Two days before the election, Judith Kessler and Nadine Bose, both of whom work for the Jewish community of Berlin, realized they had no
Obama t-shirts. So they designed one and had it made. "I have worn it every day since, and it’s pretty stinky," Kessler, editor of the
monthly magazine of Berlin’s Jewish community, told JTA.
"I am not sure how all the Jews feel about Obama, but I know how I feel," Kessler, 49, said. "And of those I ran into at work today,
basically all of them were for Obama. Because he seems intelligent, he seems moderate, and because he presumably can really understand the
position of minorities in society."
Was there concern about his position towards Israel? "Well, yes, there was a bit of that. There definitely is some fear that he would not maintain the previous policies of the USA. But he does not seem like a
hawk." Jews here share the general German rejection of war, she said.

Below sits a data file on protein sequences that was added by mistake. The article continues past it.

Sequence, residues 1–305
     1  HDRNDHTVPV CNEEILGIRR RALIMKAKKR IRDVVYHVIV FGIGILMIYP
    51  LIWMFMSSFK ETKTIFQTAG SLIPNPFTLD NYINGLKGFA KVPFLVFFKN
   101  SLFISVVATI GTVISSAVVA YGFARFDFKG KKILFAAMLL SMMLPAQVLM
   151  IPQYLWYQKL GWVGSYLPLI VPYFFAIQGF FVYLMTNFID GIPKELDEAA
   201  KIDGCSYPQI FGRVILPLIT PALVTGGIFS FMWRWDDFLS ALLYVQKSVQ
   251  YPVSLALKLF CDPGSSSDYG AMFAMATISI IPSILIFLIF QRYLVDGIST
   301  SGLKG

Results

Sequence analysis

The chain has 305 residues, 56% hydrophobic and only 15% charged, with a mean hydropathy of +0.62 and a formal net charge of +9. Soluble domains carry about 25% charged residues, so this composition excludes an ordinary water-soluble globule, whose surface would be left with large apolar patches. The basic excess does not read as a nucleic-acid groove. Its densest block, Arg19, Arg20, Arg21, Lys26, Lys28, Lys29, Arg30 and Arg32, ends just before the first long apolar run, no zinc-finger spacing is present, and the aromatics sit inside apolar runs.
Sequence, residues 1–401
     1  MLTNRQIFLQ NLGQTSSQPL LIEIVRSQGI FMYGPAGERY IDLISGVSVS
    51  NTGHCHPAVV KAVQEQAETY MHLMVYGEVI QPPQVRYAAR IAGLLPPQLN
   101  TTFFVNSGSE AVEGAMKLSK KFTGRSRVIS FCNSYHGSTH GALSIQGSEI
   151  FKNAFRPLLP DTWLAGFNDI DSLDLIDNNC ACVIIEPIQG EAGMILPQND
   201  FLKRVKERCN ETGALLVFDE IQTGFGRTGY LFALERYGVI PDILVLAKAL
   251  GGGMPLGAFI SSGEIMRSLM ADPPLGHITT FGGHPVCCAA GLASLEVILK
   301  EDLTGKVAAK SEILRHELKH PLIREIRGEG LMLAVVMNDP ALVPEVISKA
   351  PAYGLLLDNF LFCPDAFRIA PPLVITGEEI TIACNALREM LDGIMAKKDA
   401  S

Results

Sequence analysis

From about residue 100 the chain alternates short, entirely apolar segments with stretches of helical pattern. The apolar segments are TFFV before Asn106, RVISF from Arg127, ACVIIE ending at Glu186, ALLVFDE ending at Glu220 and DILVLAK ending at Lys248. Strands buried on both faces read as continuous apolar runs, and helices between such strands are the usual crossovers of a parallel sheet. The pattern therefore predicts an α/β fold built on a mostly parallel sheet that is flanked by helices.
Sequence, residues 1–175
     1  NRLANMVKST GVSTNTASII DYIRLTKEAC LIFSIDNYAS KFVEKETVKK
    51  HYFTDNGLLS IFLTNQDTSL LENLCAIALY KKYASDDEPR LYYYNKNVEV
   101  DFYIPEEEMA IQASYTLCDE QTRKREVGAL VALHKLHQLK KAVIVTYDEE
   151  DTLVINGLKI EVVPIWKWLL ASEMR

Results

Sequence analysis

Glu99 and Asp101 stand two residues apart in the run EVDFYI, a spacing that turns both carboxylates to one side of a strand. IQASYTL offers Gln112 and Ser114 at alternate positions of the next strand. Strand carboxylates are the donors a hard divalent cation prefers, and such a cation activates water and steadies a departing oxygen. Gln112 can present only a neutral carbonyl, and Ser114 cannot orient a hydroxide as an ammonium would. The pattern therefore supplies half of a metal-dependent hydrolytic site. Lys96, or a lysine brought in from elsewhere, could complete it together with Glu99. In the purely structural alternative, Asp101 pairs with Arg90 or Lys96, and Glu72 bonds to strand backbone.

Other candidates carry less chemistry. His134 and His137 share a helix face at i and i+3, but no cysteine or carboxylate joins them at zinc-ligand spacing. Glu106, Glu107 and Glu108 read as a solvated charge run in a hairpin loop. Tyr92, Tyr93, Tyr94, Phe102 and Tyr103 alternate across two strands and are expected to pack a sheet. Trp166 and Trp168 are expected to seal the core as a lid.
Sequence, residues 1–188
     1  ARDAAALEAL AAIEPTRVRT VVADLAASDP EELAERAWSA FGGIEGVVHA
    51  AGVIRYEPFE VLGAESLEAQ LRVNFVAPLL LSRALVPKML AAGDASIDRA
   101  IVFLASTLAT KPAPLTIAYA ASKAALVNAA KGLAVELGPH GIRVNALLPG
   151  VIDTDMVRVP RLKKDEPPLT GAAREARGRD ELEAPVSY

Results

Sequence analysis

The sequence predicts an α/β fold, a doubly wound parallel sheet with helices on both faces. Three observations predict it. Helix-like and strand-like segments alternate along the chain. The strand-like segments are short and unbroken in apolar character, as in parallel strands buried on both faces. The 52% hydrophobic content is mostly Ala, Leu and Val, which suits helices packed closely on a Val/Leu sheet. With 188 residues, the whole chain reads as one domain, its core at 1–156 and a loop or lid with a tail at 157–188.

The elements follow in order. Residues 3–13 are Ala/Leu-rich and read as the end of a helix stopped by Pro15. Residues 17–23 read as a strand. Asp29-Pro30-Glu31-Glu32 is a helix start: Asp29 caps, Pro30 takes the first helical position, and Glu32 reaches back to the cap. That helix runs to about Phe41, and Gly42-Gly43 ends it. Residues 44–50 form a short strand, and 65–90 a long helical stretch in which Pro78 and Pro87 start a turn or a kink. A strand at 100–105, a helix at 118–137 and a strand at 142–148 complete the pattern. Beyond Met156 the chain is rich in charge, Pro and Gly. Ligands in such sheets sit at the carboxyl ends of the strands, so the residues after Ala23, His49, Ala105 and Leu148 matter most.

Bose, the 28-year-old assistant to the president of the Jewish community of Berlin, said she would have liked to vote for Obama. Instead, she and her friend made the t-shirts to "show the world who we are for."
on election night, she held a party for her friends; they stayed up all night to see Obama win.
"I think nearly all the people I know would have voted for Obama because he is the liberal one and he is younger. And Obama means
change, and they need change after ‘W.’" She and her friends concluded that Democratic presidents were no better or worse than Republicans
when it came to Israel. "There was no conflict with our support for Obama and our support for Israel," she said.